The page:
263. See above, §12.4f; similarly Gnilka, 'Wie urteilte Jesus?' 33-35; also Jesus 282-83; Schürmann, Gottes Reich 210-13, 219-20; Becker, Jesus 341-42; Müller, Entstehung 42-46. 14.25 'indicates that Jesus viewed his death as part and parcel of the process whereby the kingdom comes' (Beasley-Murray, Jesus and the Kingdom 269).

264. See further Juel, Messianic Exegesis 119-33, and above, n. 228.

If Jesus did foresee suffering and rejection for himself and his disciples, then, of course, he saw it not as catastrophe but as a gateway to the glory of the coming kingdom. If he did call himself the Son of Man and connected the title (sic) with his lowly state on earth as well as the glory to come, then he must have expected something like his exaltation to the glory of God.265

b. Hope of Resurrection?

Could it be that Jesus expressed his hope of vindication in terms of resurrection? The Passion predictions certainly indicate so: 'and after three days/on the third day he will rise again/be raised'. But we have already seen that their present form shows clear signs of elaboration: the vaguer 'after three days' has become 'on the third day'; the less explicit 'killed' has become 'crucified' (§ 17.4c). Moreover, behind the sayings clarified in hindsight there may well be discerned a simpler masal: 'the man is to be handed over to the men'. In this form there is-no expression of vindication of resurrection. Is then the expectation of resurrection part of the post-Easter elaboration of the mashal?

The only reason for hesitating on the point is the fact that resurrection was one form of vindication hope which had become prominent in late Second Temple Judaism. It is most clearly indicated in what is usually reckoned a late (fourth or third century BCE) addition to Isaiah (Isa. 24-27) and in Dan. 12.1-3.266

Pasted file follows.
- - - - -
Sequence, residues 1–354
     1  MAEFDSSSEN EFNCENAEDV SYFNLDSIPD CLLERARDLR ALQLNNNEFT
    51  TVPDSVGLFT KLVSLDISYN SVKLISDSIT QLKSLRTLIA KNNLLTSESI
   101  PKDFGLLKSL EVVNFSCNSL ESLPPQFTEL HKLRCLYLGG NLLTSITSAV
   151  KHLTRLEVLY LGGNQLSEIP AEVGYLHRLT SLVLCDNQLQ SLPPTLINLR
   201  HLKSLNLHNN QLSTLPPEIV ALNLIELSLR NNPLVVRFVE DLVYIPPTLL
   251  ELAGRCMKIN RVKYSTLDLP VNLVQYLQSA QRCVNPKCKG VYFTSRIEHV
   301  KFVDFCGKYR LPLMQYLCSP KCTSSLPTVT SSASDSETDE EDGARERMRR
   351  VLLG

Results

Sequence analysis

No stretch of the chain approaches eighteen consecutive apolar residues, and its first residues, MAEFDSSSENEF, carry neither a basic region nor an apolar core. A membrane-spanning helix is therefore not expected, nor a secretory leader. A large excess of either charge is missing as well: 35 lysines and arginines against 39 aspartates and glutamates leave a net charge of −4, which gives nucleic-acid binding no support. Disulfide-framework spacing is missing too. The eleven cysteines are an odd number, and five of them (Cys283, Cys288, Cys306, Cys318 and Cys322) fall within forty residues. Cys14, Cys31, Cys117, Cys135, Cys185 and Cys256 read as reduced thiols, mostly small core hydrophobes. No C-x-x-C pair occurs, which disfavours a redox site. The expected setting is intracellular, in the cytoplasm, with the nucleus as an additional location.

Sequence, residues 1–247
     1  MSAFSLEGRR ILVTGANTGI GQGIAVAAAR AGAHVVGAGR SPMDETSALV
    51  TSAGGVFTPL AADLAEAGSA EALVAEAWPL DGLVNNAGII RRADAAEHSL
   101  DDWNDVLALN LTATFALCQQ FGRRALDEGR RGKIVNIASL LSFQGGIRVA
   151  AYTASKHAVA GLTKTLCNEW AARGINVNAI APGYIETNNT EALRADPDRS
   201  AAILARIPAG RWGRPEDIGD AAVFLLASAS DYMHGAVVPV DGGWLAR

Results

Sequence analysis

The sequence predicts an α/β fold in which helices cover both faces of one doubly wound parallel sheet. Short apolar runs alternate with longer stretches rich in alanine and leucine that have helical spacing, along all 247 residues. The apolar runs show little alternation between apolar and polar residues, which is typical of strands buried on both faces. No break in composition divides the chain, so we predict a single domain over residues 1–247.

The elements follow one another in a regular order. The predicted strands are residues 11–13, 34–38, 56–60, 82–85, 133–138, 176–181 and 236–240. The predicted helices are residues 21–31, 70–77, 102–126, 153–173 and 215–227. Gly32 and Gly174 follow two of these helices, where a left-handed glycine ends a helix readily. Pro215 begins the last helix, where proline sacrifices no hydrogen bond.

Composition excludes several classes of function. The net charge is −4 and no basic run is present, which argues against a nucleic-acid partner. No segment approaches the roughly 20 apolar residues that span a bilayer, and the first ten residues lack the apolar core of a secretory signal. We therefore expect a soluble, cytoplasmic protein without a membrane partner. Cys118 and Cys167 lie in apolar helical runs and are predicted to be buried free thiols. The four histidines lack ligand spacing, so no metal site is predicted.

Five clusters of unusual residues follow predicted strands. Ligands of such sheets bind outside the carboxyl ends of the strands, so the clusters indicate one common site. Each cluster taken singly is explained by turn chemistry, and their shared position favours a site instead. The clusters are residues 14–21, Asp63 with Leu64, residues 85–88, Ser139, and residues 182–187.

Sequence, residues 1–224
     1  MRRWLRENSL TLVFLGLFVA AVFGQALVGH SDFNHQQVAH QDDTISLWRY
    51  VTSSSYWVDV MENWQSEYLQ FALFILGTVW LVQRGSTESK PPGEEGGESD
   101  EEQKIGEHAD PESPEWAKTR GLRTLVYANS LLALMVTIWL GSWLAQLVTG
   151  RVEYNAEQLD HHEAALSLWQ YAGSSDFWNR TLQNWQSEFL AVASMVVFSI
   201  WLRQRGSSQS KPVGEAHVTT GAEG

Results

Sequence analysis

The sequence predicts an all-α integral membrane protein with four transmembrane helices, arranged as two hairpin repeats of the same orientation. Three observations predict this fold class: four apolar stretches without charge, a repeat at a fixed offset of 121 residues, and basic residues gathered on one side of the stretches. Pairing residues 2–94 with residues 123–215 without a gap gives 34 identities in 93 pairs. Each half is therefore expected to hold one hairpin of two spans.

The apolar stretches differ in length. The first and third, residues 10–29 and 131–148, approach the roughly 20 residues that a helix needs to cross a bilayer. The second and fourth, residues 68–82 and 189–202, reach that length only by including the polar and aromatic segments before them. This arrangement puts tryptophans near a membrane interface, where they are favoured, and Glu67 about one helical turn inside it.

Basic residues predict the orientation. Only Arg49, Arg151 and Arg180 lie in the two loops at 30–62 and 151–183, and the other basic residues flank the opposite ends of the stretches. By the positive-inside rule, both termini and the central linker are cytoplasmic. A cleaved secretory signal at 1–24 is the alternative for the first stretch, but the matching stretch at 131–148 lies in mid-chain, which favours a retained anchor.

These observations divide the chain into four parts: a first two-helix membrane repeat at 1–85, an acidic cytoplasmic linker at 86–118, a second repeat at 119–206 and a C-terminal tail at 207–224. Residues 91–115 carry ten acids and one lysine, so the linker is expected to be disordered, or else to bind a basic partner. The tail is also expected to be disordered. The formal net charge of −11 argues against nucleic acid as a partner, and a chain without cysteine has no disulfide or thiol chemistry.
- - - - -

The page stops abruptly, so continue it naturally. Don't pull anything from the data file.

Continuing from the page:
dead shall live, their corpses shall rise. dwellers in the dust, awake and sing forjoy! For your dew is a radiant dew, and the earth will give birth to those long dead.

Dan. that time Michael, the great prince, the protector of your peo ple, shall arise. There shall be a time of anguish, such as has never occurred since nations first came into existence. But at that time your people shall be delivered, everyone who is found written in the book. of those who sleep in the dust of the earth shall awake, some to everlasting life, and some to shame and everlasting contempt. who are wise shall shine like the

265. Schweizer, Lordship andDiscipleship 36 (see further Erniedrigung 26-28, 31-33, 46-52); similarly Barrett, Jesus 76; Schillebeeckx, Jesus 284-91, 311 ('Jesus' whole life is the hermeneusis of his death'); Beasley-Murray, Jesus and the Kingdom 245-46, 269-70.

266. For fuller review and discussion see H. C. C. Cavallin, Life after Death: Paul's Argument for the Resurrection of the Dead in 1 Cor 15. Part I: An Enquiry into the Jewish Background (Lund: Gleerup, 1974); Collins, Daniel 394-98; A. Chester, 'Resurrection and Transformation', in Avemarie and Lichtenberger, Auferstehung 41-17 (here 48-70), and Hengel, 'Begräbnis' in the same volume 150-72.

brightness of the sky, and those who lead many to righteousness, like the stars forever and ever.

The earliest expressions of martyr-theology already express hope of vindication in terms of resurrection (2 Macc. 7.9, 14). There is also a consistent hope of resurrection expressed in the Testaments of the Twelve Patriarchs, though the extent of Christian redaction there is unclear,267 and probably also in 1 Enoch.26 We also know that the belief in resurrection was firmly embraced by the Phari-sees,269 as indeed by Jesus himself.270 So it would hardly be surprising if Jesus had entertained hope of vindication in terms of resurrection.